Learn how photographer Rohn Engh, Dr. Paavo Airola and Cravens Wanlass use their trades to better their communities.
More than a decade has passed since Rohn Engh, photographer, "stepped off the treadmill" and moved into the rolling hill country of western Wisconsin. "I thought it would be a snap to market photographs from my large, economy-sized mailbox. But I was wrong," Rohn admits. "So — by necessity — we took to gardening seriously, and doing more with less."
Still, Rohn kept his shutters snapping: "I didn't have to travel more than three miles from our farm for good subject matter. Children with their parent, pastoral scenes, schoolyard theatrics, medical emergencies ... there was no end of material, even way up here at the end of the earth."
Interestingly enough, the "farmer with a camera" soon found that his rural mailbox was not a total loss after all. As word of Rohn's work spread, scores of publishers began to demonstrate their eagerness to buy his uncommonly natural photographs to illustrate textbooks, magazine articles, posters, and brochures. Not only local and regional firms clamored for the output of Engh's country camera, but Harper's, Woman's Day, Reader's Digest ... even THE MOTHER EARTH NEWS.
Furthermore, as Rohn's lens-work grew in favor with art directors, so too grew the exotic nature of their demands. "I began to get photo requests for iguanas of Arizona or mountain climbing in Alaska. These appeals went into the wastebasket ... until one day I realized that assignment I couldn't fill myself should be mighty valuable to other photographers — and to me — if I put them all together in a newsletter."
And so, in October of 1976, Rohn began to crank out The Photoletter — two mimeographed pages reporting up-to-the minute requirements from photo buyers — and mail it out to other professional shutterbugs.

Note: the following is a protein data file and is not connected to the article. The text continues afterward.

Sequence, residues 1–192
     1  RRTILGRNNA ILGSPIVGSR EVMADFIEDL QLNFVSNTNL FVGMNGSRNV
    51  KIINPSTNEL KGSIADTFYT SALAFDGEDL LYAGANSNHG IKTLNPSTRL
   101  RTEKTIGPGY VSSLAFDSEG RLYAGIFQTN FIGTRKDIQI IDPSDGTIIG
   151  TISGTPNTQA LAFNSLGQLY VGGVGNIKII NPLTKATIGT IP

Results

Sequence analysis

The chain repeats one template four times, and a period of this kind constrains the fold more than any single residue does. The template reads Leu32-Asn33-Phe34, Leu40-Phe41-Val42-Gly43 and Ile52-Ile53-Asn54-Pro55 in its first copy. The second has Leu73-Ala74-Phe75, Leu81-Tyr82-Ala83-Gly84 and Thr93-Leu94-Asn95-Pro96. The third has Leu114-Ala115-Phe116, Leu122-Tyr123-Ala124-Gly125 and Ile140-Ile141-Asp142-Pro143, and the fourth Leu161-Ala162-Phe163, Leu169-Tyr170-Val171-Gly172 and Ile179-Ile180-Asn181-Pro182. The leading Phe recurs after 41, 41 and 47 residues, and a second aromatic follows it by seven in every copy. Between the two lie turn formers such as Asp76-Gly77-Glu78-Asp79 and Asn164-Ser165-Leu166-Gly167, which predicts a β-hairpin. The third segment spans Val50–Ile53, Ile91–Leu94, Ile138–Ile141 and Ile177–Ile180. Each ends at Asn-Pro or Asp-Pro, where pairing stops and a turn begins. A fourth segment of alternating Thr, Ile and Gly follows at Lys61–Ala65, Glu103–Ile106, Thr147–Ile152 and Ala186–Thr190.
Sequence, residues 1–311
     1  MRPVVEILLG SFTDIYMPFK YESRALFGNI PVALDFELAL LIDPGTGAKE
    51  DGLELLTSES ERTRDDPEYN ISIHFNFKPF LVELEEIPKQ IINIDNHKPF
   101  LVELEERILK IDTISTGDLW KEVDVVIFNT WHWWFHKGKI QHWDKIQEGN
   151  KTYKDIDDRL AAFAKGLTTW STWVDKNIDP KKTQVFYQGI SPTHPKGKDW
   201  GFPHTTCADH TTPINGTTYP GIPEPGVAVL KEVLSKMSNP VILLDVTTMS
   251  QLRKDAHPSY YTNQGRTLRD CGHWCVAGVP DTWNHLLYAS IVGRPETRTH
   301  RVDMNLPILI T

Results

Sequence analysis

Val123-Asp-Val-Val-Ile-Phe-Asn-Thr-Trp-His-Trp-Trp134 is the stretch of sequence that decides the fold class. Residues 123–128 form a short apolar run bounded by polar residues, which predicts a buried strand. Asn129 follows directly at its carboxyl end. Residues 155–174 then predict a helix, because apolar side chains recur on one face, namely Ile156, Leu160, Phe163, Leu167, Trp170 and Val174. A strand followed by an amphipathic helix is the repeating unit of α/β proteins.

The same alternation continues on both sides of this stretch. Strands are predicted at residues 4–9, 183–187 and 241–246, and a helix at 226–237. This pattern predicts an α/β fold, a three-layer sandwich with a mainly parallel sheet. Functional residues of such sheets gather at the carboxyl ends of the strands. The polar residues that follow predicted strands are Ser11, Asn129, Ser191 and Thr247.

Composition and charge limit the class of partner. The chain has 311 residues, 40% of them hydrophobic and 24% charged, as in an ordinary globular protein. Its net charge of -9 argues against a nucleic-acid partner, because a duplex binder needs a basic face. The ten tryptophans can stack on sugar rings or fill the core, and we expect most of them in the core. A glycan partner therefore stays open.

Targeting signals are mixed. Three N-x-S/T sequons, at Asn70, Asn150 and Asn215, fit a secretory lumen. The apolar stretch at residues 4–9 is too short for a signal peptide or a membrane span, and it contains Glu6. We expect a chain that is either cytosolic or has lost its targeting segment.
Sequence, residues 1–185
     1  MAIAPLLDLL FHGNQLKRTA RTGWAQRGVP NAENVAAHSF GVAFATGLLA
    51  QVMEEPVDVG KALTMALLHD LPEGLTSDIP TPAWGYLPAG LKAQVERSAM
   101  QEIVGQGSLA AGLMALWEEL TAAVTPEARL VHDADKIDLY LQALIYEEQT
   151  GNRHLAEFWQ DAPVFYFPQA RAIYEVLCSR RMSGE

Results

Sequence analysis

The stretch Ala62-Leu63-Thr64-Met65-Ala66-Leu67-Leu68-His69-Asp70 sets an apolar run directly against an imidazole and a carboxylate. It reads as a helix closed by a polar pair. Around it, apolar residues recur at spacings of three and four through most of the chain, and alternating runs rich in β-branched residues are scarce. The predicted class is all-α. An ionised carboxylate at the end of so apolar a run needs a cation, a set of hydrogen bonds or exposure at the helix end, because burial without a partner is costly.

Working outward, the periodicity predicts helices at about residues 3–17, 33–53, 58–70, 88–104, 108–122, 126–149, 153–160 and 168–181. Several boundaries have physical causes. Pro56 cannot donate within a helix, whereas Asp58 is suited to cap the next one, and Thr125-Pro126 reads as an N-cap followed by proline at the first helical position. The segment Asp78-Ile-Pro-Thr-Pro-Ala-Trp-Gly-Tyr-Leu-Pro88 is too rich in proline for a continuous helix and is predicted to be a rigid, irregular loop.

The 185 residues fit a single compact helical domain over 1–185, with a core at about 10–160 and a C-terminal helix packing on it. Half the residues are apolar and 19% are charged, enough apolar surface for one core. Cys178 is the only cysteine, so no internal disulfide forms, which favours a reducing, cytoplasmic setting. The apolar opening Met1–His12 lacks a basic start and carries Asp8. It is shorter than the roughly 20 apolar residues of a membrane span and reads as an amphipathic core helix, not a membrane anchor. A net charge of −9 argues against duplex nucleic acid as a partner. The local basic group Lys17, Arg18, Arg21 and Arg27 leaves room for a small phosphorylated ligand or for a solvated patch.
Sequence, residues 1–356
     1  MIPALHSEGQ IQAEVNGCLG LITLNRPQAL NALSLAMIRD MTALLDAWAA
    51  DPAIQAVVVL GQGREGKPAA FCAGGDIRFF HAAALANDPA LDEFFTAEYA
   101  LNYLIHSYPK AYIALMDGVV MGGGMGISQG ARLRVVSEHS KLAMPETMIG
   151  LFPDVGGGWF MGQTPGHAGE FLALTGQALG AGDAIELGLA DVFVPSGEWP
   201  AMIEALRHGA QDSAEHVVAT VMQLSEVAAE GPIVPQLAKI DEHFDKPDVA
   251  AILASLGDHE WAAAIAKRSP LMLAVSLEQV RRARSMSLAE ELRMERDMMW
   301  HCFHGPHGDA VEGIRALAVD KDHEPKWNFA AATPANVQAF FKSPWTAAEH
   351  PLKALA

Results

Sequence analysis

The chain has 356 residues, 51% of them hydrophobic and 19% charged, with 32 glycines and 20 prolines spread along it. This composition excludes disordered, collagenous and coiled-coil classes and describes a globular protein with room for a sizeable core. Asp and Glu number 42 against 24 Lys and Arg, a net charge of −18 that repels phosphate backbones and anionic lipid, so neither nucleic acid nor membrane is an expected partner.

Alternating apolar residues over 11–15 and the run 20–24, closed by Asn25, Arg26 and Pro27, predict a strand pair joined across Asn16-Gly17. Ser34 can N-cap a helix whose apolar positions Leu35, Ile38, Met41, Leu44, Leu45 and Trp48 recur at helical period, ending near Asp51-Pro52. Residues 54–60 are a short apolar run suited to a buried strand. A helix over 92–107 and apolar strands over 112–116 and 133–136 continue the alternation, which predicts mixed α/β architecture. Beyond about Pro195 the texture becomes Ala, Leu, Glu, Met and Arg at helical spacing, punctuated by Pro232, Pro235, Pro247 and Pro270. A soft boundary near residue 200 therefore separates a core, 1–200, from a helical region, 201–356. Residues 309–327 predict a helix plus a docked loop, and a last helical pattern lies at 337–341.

The idea soon proved to be a lively seed that had fallen on fertile soil. Editors liked it because they saved bucks by not going through a photo agency. And photographers loved the publication because it saved them hours of research, querying, and pavement pounding. Nor did the newsletter hurt Rohn Engh's own business at all: "I found that by sharing what I know about the blossoming field of photo illustration I've not only discovered many new outlet ... but also learned more about photography and its possibilities."
In it two years, The Photoletter's original subscription list of 14 has boomed to over 1,000, and the former monthly is now published once every two weeks in a four-page format.
Yep. Today's Rohn Engh is a far more settled character than the rootless young wanderer whose first photo story — "I Crossed the Sahara on a Motor Scooter"—appeared in a 1958 issue of the Satur day Evening Post. Engh now prefers to let his newsletter subscribers trek all over the country and the world for their pictures, while he and his cameras continue to record the life that Rohn has become part of right in Star Prairie, Wisconsin. Engh's portraits have been included in The Family of Children (Ridge Press' sequel to The Family of Man). And now Rohn is both author and illustrator of his own book-an outgrowth of what he's learned about growing his family's food-called A Very Simple Garden Book: Vegetables, recently published by Paul Eriksson, Inc.
So take heart, rural artist, writers, and other craftspeople. Maybe you're not as isolated from your markets as you thought. Rohn Engh lives out in the country too. And his mailbox marketing system, coupled with a loving eye for the land and its people-not to mention his share-a-chance philosophy — has made Rohn Engh one of America's most published photographers. — Harry T. White.
Everyone knows that "an ounce of prevention is worth a pound of cure" ... but nobody really does a whole lot about raising the national awareness of this approach to health. Right? Wrong ... if Dr. Paavo Airola is any example.
The internationally known naturopathic physician has recently created an effective means of spreading the word about what he has named the "three steps to well-being:" proper mental attitude, vigorous exercise, and good nutrition. Airola's International Academy of Biological Medicine, Inc. accomplishes this feat by offering professional seminars in biological and nutritional medical therapies to both conventional and alternative doctors, who then pass that learning on to their patients. (IABM members range all the way from psychiatrists and family practitioners to chiropractors and iridologist, and more than half of them also belong to the American Medical Association.)